Show Advanced Search

REFINE YOUR SEARCH:

Containing Text
- - -
+
Filter by author or institution
GO
Filter by publication date
From:
October, 2006
Until:
Today
Filter by journal section

Filter by science education

 
 
Fallopian Tubes: A pair of highly specialized muscular canals extending from the Uterus to its corresponding Ovary. They provide the means for Ovum collection, and the site for the final maturation of gametes and Fertilization. The fallopian tube consists of an interstitium, an isthmus, an ampulla, an infundibulum, and fimbriae. Its wall consists of three histologic layers: serous, muscular, and an internal mucosal layer lined with both ciliated and secretory cells.

In Vivo and Ex Vivo Approaches to Study Ovarian Cancer Metastatic Colonization of Milky Spot Structures in Peritoneal Adipose

1Section of Urology, Department of Surgery, The University of Chicago, 2Department of Pathology, Robert Wood Johnson Medical School, 3Campbell Family Institute for Breast Cancer Research, Princess Margaret Cancer Centre, University Health Network, 4Department of Laboratory Medicine and Pathobiology, Campbell Family Institute for Breast Cancer Research, Princess Margaret Cancer Centre, University of Toronto, University Health Network, 5Departments of Medicine, Pharmacology, and Cancer Biology, Duke University Medical Center

JoVE 52721


 Medicine

Tubal Cytology of the Fallopian Tube as a Promising Tool for Ovarian Cancer Early Detection

1Department of Pathology, University of Arizona College of Medicine, 2Department of Obstetrics and Gynecology, Henan Provincial People's Hospital, 3Department of Obstetrics and Gynecology, University of Arizona College of Medicine, 4University of Arizona Cancer Center, 5Department of Pathology, University of Texas Southwestern Medical Center, 6Department of Obstetrics and Gynecology, University of Texas Southwestern Medical Center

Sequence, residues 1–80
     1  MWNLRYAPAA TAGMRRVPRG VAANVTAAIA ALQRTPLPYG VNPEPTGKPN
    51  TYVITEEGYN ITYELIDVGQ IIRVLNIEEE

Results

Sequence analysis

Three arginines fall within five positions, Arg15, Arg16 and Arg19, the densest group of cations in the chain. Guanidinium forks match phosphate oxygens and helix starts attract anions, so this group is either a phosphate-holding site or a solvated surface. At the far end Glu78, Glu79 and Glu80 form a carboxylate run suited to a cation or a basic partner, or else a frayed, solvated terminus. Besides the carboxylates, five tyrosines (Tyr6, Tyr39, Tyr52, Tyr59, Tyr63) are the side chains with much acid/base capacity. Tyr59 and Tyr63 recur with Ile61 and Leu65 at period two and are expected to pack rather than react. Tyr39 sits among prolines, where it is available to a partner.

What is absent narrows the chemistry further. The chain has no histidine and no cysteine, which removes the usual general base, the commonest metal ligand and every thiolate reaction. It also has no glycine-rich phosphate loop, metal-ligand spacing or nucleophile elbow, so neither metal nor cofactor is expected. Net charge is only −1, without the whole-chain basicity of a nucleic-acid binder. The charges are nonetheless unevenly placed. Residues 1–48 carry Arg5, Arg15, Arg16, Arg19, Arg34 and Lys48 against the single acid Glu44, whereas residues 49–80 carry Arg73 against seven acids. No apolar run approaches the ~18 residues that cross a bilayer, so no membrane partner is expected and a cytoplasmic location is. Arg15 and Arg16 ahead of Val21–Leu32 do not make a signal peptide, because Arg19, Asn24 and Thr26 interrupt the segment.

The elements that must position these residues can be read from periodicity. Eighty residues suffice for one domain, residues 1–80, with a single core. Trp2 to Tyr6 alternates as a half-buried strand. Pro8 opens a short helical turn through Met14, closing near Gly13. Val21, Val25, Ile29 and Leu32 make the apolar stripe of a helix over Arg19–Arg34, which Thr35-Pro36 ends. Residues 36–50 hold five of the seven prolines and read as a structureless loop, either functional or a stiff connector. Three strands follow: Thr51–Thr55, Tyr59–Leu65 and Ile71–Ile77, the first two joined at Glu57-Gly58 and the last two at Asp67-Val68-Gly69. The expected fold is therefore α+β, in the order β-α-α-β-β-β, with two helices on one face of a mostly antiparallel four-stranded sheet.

JoVE 55887


 Medicine

Diagnostic Necropsy and Tissue Harvest

JoVE 10294

Source: Kay Stewart, RVT, RLATG, CMAR; Valerie A. Schroeder, RVT, RLATG. University of Notre Dame, IN

Many animal experiments rely on final data collection time points that are gathered from the harvesting and testing of organs and tissues. The use of appropriate methods for the collection of organs and tissues can impact the quality of the samples and the analysis of the data that is gleaned for the testing of the tissues. The method of euthanasia of the animal can also impact the quality of the samples. This manuscript will outline proper necropsy techniques for rats.


 Lab Animal Research

Sterile Tissue Harvest

JoVE 10298

Source: Kay Stewart, RVT, RLATG, CMAR; Valerie A. Schroeder, RVT, RLATG. University of Notre Dame, IN

In 1959 The 3 R's were introduced by W.M.S. Russell and R.L. Burch in their book The Principles of Humane Experimental Technique. The 3 R's are replacement, reduction, and refinement of the use of animals in research.1 The use of cell lines and tissue cultures that originated from research animals is a replacement technique, as it allows for many experiments to be conducted in vitro. Harvesting tissues and organs for use in cell and tissue cultures requires aseptic technique to avoid contamination of the tissues. Sterile harvest is also necessary for protein and RNA analysis and metabolic profiling of tissues. This manuscript will discuss the process of sterile organ harvest in rats and mice.


 Lab Animal Research

More Results...